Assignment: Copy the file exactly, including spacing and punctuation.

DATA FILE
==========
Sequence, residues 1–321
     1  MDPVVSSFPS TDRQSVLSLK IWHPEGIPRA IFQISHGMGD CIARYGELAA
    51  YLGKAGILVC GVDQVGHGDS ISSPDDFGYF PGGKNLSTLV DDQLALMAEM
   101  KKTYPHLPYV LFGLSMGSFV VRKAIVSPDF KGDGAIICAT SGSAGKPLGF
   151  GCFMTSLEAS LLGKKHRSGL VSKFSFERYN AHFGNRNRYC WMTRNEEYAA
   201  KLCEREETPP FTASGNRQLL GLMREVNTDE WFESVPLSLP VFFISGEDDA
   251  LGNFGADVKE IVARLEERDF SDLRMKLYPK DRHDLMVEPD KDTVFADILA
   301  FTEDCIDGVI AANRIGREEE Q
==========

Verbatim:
Sequence, residues 1–321
     1  MDPVVSSFPS TDRQSVLSLK IWHPEGIPRA IFQISHGMGD CIARYGELAA
    51  YLGKAGILVC GVDQVGHGDS ISSPDDFGYF PGGKNLSTLV DDQLALMAEM
   101  KKTYPHLPYV LFGLSMGSFV VRKAIVSPDF KGDGAIICAT SGSAGKPLGF
   151  GCFMTSLEAS LLGKKHRSGL VSKFSFERYN AHFGNRNRYC WMTRNEEYAA
   201  KLCEREETPP FTASGNRQLL GLMREVNTDE WFESVPLSLP VFFISGEDDA
   251  LGNFGADVKE IVARLEERDF SDLRMKLYPK DRHDLMVEPD KDTVFADILA
   301  FTEDCIDGVI AANRIGREEE Q